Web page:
Unlike Levante, Villarreal were not willing to go long in the build-up. The Champions League semi-finalists quality, in a match they won 5-1, meant, on some occasions, they were able to pass their way through the press.
Villarreal complicated Rayo’s press by having a centre-back take the goal kick from the side of the 6-yard box and pass to his goalkeeper. Rayo’s forward still positioned himself in line with the centre-back, meaning he had longer to travel to press the ball. As in the above scenario, the goalkeeper had time to get his head up and find a pass to his DMC.
When the DMC received the ball, whilst being pressed by Rayo’s central midfielder, he took a touch with his right foot towards his left centre-back. Rayo’s right midfielder’s reaction was to press the centre-back. The DMC then calmly played a pass with his left foot behind the pressing midfielder to his left-back. Villarreal’s left midfielder, number ‘14’ pinned Rayo’s right-back (out of shot), allowing his left-back to proceed with the ball deep into Rayo’s half.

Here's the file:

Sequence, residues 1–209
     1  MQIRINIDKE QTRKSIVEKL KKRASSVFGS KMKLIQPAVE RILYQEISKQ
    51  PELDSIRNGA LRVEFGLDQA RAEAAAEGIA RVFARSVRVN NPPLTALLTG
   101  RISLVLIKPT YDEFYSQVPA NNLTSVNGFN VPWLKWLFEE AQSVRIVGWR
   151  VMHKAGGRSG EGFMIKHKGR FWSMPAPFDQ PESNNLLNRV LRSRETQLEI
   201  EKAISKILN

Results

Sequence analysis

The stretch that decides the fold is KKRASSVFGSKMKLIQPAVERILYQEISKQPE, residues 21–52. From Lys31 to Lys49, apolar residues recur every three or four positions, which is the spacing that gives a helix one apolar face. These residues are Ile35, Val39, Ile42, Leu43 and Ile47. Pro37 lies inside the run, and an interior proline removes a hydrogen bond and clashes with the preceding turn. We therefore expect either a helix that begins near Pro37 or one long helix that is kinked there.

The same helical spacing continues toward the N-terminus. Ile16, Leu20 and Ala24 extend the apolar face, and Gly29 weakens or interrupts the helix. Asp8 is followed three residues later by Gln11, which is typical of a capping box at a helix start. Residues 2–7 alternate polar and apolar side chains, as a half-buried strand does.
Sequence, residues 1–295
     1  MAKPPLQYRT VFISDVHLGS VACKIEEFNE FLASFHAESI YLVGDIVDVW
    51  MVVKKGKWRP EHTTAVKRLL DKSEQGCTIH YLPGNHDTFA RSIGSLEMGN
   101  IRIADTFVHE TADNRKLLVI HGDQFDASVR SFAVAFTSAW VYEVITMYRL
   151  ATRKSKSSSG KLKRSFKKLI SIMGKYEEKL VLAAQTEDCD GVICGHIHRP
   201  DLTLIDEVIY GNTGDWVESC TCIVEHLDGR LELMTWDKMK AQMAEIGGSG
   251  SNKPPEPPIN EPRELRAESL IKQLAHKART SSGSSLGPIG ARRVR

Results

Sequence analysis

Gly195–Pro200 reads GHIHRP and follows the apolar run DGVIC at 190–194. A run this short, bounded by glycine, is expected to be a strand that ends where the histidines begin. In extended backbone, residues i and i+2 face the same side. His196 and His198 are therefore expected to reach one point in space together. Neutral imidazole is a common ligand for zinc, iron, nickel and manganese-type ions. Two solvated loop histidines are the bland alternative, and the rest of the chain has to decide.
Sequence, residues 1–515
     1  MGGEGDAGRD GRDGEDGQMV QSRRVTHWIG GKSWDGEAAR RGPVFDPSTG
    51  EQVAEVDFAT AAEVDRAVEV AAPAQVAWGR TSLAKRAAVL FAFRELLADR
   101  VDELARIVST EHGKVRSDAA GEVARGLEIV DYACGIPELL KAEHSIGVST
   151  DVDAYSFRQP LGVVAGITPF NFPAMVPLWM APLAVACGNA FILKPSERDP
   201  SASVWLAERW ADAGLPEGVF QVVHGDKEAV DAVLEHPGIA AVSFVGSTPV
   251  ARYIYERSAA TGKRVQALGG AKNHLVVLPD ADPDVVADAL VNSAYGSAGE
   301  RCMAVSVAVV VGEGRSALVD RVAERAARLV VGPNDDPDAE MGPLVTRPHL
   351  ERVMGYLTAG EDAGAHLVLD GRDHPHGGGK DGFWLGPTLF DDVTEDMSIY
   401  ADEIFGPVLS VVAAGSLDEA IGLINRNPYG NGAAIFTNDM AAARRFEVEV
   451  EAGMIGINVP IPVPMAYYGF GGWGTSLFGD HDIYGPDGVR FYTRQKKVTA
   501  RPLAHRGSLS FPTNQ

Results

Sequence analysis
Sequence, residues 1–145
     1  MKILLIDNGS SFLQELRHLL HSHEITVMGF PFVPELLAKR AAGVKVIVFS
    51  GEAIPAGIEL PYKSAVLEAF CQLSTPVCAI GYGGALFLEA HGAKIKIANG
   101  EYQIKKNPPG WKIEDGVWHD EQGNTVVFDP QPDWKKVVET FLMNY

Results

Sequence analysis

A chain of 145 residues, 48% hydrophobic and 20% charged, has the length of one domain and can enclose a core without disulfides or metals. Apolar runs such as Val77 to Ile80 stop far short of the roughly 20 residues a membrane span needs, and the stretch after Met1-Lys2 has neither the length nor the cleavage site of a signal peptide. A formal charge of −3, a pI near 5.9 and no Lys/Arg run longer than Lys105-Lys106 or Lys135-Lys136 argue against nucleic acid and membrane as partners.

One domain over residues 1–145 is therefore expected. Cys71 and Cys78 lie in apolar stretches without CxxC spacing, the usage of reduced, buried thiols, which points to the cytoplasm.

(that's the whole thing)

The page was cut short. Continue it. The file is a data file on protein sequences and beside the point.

Although results petered out towards the end of the season, Iraola, who is working with the fourth-lowest budget in the league, must be delighted with this season’s work. Their results, xG and tactically astute style of play show they deserve the praise and league position they achieved this season.
With the sixth youngest team in the league and a full season of experience in the top flight, the future is bright for Iraola and Rayo Vallecano.